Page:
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Gay Pornography: Representations of Sexuality and Masculinity

A new book, written by Birmingham School of Media professor John Mercer, explores the iconography, themes and ideals that the genre presents.

"My book is as much about contemporary constructions of masculinity as it is a work that is a contribution to the ongoing pornography debate," John said. "The intention of my study is to challenge a monolithic interpretation of gay porn and an equally monolithic comprehension of contemporary masculinities."

The book is the culmination of almost 20 years’ research into gay pornography; its timeline reflects the changing social, cultural, political and technological developments during that time – evolving from the aftermath of the first wave of the AIDS pandemic to gay culture being assimilated by the mainstream. 

"People will talk about ‘gay culture’ in isolation, but it is based on interaction with, recycling and appropriation of aspects of the wider culture," John said. "Masculinities are a multitude and are represented, likewise, in a multitude of ways, and this is vividly evidenced in the types that populate the fantasy worlds of gay porn – from the obvious ‘twink’ and ‘jock’, but also ‘chavs’ and the hypermascline gay male."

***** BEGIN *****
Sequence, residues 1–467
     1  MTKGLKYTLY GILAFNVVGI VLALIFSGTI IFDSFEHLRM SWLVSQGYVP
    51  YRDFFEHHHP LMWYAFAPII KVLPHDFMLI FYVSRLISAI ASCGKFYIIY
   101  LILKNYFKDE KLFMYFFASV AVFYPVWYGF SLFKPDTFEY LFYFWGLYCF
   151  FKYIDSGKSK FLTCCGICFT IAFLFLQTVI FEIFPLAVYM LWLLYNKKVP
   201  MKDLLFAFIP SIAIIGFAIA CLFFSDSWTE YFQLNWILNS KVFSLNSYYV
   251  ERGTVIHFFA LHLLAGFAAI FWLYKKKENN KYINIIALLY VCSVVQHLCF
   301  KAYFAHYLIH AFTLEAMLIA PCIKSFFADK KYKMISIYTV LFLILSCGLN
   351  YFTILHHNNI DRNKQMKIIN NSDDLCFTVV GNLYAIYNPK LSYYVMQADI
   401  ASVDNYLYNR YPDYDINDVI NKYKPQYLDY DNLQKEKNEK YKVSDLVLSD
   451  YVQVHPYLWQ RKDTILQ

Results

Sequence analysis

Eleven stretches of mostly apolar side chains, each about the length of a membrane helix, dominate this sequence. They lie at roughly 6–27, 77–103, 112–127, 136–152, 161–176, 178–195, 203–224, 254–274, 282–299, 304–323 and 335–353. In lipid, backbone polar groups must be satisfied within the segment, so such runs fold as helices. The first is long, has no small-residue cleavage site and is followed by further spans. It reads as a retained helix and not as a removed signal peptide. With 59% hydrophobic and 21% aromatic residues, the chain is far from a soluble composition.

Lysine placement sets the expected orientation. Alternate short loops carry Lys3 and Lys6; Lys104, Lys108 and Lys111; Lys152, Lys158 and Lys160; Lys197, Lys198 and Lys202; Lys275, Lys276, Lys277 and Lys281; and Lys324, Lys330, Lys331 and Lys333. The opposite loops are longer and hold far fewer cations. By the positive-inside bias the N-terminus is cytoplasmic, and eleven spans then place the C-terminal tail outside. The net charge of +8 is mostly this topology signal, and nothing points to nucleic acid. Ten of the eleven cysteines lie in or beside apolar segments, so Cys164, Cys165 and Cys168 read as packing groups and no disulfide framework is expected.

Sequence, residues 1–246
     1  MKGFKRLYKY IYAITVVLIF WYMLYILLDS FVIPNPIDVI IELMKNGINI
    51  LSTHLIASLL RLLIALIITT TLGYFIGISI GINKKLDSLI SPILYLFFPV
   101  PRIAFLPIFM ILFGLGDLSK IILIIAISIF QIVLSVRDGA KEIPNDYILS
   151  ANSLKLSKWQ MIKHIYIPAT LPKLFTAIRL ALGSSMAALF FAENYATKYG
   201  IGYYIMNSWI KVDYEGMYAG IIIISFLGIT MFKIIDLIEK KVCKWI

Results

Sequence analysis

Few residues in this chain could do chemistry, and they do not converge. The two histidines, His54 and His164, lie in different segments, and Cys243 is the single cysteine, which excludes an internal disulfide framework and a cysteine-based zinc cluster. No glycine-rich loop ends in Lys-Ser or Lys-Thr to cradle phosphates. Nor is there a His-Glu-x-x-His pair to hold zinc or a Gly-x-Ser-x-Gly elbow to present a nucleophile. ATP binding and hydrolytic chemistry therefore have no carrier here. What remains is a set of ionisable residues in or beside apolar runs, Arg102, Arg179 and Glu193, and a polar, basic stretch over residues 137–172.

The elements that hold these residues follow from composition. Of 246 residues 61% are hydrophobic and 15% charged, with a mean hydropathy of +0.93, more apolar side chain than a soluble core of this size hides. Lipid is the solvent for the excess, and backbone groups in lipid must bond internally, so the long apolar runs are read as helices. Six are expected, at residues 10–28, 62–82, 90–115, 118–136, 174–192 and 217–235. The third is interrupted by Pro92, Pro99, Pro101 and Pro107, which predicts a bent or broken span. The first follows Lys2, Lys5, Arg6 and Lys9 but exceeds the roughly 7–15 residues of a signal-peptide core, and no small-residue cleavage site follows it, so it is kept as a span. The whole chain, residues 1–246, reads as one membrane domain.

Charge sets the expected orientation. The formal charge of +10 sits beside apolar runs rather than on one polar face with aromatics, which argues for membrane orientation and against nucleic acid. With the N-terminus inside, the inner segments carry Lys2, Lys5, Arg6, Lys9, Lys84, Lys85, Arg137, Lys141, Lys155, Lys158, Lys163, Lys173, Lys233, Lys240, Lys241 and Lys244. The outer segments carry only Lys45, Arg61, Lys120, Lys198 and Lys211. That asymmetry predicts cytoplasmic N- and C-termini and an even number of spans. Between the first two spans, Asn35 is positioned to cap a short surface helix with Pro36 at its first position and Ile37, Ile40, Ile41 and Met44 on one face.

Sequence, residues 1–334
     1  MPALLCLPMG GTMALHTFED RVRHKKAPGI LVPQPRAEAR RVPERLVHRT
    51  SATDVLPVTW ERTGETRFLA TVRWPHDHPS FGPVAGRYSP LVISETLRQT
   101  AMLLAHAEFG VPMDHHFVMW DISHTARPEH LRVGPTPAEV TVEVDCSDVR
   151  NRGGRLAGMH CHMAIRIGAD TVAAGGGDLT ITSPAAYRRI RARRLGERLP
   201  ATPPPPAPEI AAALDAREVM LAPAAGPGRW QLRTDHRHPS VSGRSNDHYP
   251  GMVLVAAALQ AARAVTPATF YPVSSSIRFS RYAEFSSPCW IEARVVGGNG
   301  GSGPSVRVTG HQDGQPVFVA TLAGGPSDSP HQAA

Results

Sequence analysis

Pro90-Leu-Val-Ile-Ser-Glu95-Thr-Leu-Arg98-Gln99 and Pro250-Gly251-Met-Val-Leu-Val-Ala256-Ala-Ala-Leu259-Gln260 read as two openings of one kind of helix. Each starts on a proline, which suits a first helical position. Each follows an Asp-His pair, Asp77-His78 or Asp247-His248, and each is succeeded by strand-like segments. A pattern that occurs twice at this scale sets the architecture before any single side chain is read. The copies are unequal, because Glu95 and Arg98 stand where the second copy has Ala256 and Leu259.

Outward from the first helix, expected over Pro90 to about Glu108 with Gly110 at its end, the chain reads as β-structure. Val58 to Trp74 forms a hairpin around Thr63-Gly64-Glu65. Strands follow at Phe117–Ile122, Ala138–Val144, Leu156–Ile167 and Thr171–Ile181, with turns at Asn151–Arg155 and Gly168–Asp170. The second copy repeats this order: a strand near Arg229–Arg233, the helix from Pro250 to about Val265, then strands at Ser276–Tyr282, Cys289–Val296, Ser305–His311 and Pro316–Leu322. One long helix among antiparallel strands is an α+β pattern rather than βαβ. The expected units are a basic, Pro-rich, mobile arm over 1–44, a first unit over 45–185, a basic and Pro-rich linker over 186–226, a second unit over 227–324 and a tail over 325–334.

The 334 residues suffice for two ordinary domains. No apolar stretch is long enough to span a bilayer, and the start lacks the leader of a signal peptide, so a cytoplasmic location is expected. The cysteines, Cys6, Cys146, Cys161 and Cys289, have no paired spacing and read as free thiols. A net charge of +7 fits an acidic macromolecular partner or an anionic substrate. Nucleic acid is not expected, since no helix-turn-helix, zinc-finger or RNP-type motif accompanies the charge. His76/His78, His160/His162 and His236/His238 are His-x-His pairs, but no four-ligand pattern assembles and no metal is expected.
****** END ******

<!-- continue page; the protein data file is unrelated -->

Published by I.B. Tauris, ‘Gay Pornography’ received its official launch at Birmingham City University on Wednesday 22 March, ahead of its release on Wednesday 29 March. You can purchase the book here.

The launch will be preceded by an academic debate titled ‘What It Means to be a Man in the 21st Century: Masculinity, Sex and Popular Culture’ where John will be joined by author and journalist Mark Simpson – who coined the terms ‘metrosexual’ and, more recently, ‘spornosexual’. 

Additional contributions will come from Clarissa Smith, Professor of Sexual Cultures at the University of Sunderland, and Dr José Arroyo, Principal Teaching Fellow in Film Studies at the University of Warwick will be the event chair. 

Using Professor Mercer’s book as a springboard, the panel of experts will consider what it means to be 'masculine’ in the 21st century, and how everything from gay pornography to Hollywood blockbusters, and Tinder to ‘The Only Way Is Essex’, are fuelling its diversity, as well as its ambiguity.